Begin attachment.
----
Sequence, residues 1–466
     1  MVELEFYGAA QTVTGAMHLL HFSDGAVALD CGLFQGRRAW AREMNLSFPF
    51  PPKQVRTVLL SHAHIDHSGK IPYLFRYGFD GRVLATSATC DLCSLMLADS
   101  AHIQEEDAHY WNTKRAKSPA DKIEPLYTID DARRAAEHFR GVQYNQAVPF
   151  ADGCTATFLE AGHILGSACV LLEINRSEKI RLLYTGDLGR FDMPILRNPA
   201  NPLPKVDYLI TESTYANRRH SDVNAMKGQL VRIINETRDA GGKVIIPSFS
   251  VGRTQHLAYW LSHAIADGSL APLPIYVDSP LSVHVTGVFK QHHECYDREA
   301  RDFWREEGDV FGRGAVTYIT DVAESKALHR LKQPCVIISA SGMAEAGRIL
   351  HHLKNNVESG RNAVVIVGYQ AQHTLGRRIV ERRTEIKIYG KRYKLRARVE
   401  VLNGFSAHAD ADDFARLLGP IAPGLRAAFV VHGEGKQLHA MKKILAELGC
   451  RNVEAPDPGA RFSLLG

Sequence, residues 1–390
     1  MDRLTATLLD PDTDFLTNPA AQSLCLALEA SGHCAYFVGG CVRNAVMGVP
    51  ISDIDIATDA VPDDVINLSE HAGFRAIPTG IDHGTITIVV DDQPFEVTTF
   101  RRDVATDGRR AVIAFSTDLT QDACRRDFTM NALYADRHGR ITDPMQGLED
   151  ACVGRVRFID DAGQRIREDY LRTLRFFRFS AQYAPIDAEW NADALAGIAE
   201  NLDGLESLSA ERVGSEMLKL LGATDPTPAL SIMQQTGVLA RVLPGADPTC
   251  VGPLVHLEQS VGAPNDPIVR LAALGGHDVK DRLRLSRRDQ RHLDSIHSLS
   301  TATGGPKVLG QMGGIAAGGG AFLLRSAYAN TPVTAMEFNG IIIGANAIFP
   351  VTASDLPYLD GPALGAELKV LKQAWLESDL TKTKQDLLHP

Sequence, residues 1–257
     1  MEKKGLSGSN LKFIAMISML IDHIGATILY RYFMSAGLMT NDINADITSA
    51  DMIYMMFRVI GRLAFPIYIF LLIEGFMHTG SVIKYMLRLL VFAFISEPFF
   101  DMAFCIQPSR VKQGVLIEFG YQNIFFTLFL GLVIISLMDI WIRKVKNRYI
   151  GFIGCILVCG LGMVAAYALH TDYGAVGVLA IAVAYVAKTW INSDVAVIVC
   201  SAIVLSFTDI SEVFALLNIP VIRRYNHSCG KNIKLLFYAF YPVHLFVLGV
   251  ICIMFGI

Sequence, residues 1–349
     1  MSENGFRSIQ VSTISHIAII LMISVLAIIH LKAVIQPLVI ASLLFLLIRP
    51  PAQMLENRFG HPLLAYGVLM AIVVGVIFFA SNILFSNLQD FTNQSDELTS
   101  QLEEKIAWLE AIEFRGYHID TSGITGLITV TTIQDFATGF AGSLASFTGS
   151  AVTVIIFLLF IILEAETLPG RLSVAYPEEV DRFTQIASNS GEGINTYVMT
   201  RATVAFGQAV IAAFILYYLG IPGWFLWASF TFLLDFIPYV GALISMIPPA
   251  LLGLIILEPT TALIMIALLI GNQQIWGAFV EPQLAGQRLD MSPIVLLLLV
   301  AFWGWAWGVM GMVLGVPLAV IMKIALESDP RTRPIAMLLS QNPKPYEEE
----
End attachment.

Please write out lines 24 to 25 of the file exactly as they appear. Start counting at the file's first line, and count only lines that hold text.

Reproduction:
   101  DMAFCIQPSR VKQGVLIEFG YQNIFFTLFL GLVIISLMDI WIRKVKNRYI
   151  GFIGCILVCG LGMVAAYALH TDYGAVGVLA IAVAYVAKTW INSDVAVIVC